Among the Oscar contenders in limited release: “The Disaster Artist” grossed $2.6 in 1,010 theaters for $12m total gross; “Lady Bird” earned $2.1 in 947 theaters for a $26m total; “The Shape of Water” made $1.7 in 158 theaters ($3.6 total) and “Three Billboards” $1.6 in 944 theaters ($21.3m total). “Call Me By Your Name” expanded to 30 theaters and took in $500k for a $2.1 total. It's going wider next weekend. Just in time for everyone being too busy to see it.
As for that “Star Wars” trivia question? Here:
|Movie||Adjusted B.O.||B.O.||Year||Yearly BO Rank|
|2||Star Wars: The Force Awakens||$965,467,800||$936,662,225||2015||1|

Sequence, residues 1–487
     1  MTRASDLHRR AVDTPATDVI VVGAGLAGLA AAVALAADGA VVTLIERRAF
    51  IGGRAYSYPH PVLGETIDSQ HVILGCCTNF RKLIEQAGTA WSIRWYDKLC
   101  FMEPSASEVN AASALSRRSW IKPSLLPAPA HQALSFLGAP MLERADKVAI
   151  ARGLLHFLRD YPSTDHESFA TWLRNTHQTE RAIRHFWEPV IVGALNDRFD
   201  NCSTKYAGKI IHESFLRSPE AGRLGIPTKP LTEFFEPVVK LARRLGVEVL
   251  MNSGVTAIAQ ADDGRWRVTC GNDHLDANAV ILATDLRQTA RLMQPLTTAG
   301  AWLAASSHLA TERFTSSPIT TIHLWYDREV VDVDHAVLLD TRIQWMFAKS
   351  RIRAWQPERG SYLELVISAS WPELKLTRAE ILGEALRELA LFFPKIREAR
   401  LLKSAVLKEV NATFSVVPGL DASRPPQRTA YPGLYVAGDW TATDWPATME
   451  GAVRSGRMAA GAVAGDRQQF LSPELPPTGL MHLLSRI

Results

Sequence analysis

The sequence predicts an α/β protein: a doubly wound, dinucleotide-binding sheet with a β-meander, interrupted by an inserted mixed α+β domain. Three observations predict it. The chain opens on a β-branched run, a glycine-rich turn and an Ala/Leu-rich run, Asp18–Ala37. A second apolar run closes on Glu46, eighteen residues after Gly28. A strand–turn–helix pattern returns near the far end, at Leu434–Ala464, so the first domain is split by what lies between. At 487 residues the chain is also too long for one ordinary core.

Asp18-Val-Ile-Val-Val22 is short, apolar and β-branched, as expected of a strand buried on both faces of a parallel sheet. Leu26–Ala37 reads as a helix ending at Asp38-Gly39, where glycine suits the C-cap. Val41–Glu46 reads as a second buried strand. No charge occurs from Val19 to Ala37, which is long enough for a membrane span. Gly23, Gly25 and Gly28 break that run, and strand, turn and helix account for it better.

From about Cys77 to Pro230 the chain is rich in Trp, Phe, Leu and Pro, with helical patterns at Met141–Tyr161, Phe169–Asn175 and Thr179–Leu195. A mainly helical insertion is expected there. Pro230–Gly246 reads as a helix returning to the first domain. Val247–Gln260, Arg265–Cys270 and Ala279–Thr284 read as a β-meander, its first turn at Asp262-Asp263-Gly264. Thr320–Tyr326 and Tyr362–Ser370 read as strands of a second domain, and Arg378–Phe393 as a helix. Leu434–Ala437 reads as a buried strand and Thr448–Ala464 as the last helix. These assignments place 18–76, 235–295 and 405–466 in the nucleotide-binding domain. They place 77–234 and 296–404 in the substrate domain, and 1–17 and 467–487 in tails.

|3||Star Wars: Episode I - The Phantom Menace||$757,494,400||$431,088,295||1999||1|
|4||Return of the Jedi||$723,181,600||$252,583,617||1983||1|
|5||The Empire Strikes Back||$704,239,800||$209,398,025||1980||1|
|6||Rogue One: A Star Wars Story||$539,743,700||$532,177,324||2016||1|
|7||Star Wars: Episode III - Revenge of the Sith||$529,768,500||$380,270,577||2005||1|
|8||Star Wars: Episode II - Attack of the Clones||$464,469,500||$302,191,252||2002||3*|
|9||Star Wars: The Last Jedi||$220,047,000||$220,047,000||2017||?|
* Behind “Spider-Man” and the second “Lord of the Rings”
Here are the box office totals—domestic, international and worldwide—for the five “Transformers” movies. Pay attention in particular to the last column: each movie's rank in terms of worldwide box office the year it was released. The series rose and rose and rose, and then...